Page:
Our post back in December, The hard part is still to come…, explained that Michelle Bachelet’s return to office, although greatly celebrated, came at a cost: significant changes are expected. Forbes explains that following her inauguration earlier this month, the returning president is likely to push many reforms in her first 100 days in office. This will include an increase in corporate tax rates to cover changes to the health and education system. BNamericas has already reported that there are plans to double the funds, in comparison to the previous administration, allocated for hospital infrastructure. Bachelet isn’t shy when it comes to undertaking much needed change. During her previous stint as President, her decisions helped save billions of dollars in revenues to spend on issues such as pension reform.  But unfortunately, as the new Finance Minister Alberto Arenas highlights in the Global Times, Bachelet is inheriting a ‘sluggish economy’ with growth lower than expected. Reuters also explained that the previous Finance Minister, Felipe Larrain, has warned Bachelet that her tax reforms may need to be ‘more moderate’ than planned. In any case, Forbes states that if reforms fail, it’s probable that students will protest once again. In fact, they predict that social unrest is likely to continue either way given the persisting trend in community activism.

Exciting times ahead in Mexico

José Ángel Gurría at LSE Mexico Week

José Ángel Gurría at LSE Mexico Week

Forbes highlights that while big transformations are taking place in Mexico under President Enrique Peña Nieto’s perhaps ambitious reform agenda, the majority of his first year has been spent making constitutional changes. The president now has the task of passing various regulatory reform bills through Congress, Forbes explains. During LSE Mexico Week last week, we were lucky enough to hear José Ángel Gurría, OECD Secretary General and former Mexican Secretary of Foreign Affairs (1994–1997) and Secretary of Finance (1998–2000), give an insight into the economy and development in Mexico. José insisted that the biggest challenge now is successful ‘implementation, implementation, implementation’, of the telecoms, oil and gas, electricity, financial and political reforms. But this will depend on many things including the approval of laws and regulations. José put it in a rather interesting way; it is time for the legislative dentists to begin pulling the teeth out of the legislations. Although the implementation process could be slowed down slightly by political groups opposing certain reforms, Forbes explains that it’s unlikely that the much needed reform process can be derailed. José claimed his message was this; there are exciting times ahead in Mexico. However, the Wall Street Journal reminded us last week that we shouldn’t ‘celebrate Mexico’s reforms just yet’ given the disappointingly low growth last year.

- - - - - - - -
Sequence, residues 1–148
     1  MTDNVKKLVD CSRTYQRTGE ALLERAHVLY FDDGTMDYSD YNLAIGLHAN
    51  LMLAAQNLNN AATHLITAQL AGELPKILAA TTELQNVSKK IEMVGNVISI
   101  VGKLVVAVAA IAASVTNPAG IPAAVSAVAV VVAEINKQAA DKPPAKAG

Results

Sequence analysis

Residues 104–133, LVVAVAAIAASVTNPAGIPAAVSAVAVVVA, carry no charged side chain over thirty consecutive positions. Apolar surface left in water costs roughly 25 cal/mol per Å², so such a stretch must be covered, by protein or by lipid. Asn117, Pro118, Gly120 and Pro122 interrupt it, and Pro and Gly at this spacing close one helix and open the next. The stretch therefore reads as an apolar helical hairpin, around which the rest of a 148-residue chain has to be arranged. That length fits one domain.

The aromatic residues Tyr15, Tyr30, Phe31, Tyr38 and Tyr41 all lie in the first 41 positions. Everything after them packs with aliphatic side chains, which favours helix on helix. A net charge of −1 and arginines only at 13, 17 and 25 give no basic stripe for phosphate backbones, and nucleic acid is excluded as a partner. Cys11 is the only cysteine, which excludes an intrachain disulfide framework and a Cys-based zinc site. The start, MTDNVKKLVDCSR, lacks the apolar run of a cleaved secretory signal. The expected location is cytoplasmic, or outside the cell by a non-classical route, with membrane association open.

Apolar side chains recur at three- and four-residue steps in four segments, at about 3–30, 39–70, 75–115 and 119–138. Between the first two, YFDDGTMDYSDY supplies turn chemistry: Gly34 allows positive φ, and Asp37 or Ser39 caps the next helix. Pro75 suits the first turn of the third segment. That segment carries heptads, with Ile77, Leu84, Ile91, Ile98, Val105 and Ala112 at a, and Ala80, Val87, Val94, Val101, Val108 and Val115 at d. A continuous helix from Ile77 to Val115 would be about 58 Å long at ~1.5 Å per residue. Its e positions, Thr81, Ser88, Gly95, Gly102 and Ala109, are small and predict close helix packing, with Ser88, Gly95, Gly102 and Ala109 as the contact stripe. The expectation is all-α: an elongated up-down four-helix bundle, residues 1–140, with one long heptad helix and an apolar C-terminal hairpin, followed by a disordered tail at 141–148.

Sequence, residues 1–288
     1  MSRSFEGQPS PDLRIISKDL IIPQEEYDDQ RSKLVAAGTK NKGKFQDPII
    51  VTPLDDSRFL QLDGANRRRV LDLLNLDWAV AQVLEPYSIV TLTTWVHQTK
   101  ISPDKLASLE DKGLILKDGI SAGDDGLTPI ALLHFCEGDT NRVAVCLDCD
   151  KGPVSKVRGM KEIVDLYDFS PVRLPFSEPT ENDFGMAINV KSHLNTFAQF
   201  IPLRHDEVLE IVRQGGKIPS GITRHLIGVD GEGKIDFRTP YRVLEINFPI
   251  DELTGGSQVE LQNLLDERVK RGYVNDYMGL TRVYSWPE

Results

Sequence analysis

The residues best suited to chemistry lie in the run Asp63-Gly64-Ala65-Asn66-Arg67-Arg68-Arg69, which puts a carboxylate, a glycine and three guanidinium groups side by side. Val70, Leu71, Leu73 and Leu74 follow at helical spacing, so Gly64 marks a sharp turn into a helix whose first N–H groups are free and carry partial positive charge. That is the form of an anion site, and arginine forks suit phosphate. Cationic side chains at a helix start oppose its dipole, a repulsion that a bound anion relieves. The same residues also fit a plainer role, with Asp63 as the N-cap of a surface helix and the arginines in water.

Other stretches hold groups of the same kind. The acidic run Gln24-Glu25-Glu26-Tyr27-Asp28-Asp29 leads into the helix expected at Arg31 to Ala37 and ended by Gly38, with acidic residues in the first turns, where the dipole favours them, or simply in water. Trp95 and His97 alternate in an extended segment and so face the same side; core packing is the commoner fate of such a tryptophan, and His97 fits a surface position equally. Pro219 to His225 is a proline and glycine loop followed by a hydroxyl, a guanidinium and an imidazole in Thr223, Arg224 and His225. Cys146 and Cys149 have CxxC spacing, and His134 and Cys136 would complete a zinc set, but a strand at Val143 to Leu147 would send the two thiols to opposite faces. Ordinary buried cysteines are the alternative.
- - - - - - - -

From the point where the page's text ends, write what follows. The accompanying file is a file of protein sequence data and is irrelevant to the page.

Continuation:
To see more on LSE Mexico week see an article in Spanish.

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Mar 17 2014